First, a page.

Trudeau defends his choice for governor general amid revelations about her past
Julie Payette was once subject of criminal probe for assault in U.S., but charges were dropped
Prime Minister Justin Trudeau is defending his pick for governor general after it was revealed she struck and killed a pedestrian while driving and was once the subject of a criminal probe for assault.
Trudeau said Thursday his team did a thorough vet of Julie Payette, a former astronaut who will assume the largely ceremonial post in the fall, and there is nothing in her past that disqualifies her for the job.
"I assure everyone that there are no issues that arose in the course of that vetting process that would be any reason to expect Mme. Payette to be anything other than the extraordinary governor general that she will be," he said, calling her among Canada's "very best."
Two issues have emerged since the prime minister announced her appointment last week. First, Payette was charged with second-degree assault when she lived in Maryland in 2011, but it was later dismissed by prosecutors and the case was "expunged" from her record. Payette has dismissed the assault allegations.
"For family and personal reasons, I will not comment on these unfounded charges, of which I was immediately and completely cleared many years ago, and I hope that people will respect my private life," Payette said in a statement.
Second, Payette was involved in a fatal car accident in which she was not found at fault. The Toronto Star reported the car accident Wednesday and spoke to the family of the late Theresa Potts, a recovering alcoholic who was on her way to an AA meeting at the time of the incident.
Payette divorced her former husband, Billie Flynn, a test pilot with Lockheed Martin in the Washington, D.C., area, shortly after the 2011 car collision.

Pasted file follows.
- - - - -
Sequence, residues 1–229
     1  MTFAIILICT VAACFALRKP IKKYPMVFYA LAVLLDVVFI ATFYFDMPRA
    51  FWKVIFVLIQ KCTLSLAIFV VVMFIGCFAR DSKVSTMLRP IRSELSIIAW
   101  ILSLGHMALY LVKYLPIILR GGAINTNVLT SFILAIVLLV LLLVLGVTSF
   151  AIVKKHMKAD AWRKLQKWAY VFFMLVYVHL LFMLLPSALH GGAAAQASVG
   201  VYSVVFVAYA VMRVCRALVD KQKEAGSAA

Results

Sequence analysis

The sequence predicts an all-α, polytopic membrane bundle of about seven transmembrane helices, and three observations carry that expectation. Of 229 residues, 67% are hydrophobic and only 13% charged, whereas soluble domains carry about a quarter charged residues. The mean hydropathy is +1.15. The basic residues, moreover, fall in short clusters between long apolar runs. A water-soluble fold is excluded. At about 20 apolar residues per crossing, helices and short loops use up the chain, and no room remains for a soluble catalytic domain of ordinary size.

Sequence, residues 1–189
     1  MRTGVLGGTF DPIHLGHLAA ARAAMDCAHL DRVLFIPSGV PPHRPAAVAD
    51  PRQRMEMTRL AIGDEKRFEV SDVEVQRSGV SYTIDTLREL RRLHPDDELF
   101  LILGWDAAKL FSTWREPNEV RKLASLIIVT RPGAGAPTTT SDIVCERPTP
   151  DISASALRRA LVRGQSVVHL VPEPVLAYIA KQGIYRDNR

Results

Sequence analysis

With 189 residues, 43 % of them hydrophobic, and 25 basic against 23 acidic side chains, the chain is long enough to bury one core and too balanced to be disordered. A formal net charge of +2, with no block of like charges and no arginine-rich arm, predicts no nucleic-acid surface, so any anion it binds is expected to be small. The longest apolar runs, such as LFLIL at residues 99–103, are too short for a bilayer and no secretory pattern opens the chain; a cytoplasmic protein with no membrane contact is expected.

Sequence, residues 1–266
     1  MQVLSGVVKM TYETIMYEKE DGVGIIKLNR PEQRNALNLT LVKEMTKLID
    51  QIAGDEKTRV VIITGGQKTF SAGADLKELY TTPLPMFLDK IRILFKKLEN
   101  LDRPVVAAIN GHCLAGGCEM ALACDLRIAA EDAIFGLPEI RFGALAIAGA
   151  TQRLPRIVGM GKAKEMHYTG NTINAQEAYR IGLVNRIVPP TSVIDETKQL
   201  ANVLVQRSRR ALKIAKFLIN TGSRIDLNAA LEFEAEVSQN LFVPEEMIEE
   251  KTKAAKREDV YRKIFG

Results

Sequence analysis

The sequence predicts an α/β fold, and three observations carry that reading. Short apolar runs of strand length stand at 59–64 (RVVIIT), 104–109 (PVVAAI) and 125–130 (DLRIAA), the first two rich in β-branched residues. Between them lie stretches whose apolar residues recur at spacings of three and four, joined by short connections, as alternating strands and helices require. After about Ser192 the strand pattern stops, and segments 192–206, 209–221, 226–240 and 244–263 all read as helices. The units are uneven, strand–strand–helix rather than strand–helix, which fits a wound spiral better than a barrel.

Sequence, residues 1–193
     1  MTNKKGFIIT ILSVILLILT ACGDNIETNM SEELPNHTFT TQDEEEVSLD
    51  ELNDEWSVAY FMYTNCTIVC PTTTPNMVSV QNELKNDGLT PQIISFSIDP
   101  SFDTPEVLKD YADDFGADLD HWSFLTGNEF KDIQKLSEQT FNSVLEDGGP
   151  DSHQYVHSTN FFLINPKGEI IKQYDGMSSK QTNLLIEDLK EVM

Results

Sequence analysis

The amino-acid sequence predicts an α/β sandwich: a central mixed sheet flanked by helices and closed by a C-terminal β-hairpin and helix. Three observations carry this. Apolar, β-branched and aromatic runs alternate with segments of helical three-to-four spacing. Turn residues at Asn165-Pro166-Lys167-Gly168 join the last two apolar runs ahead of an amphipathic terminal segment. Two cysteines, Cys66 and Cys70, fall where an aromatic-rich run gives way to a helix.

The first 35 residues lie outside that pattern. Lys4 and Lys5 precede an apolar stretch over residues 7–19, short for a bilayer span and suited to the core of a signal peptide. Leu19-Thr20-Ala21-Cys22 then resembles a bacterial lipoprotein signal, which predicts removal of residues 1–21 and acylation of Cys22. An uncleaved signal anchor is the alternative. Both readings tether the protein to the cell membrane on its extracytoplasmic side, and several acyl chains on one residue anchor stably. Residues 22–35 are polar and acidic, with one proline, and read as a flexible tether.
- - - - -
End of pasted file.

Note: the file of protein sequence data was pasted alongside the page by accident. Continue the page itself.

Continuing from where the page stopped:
- Trudeau pushed for details on government vetting of Payette for viceregal role
- OPINION: Trudeau's silence shows double standard
"Obviously, our hearts go out to the family affected by this tragic accident — it's a terrible and tragic thing," Trudeau said.
Trudeau said the vetting process "raised absolutely no issues," and his talks with the future vice-regal didn't focus on her past.
"The conversations I had with Mme. Payette centred around the extraordinary service, her vision for the country, her vision of the role that she would fulfill as governor general and demonstrated to me her extraordinary strength in being one of our great governor generals."
Conservative Leader Andrew Scheer said Trudeau has some questions to answer about the vetting process, but he would not comment on matters in her personal life.
"My position on her nomination has not changed," Scheer told reporters Thursday. "I indicated my support for her nomination when it was first announced."
Payette was the first Canadian female to visit the International Space Station in 1999, and is a former chief astronaut at the Canadian Space Agency.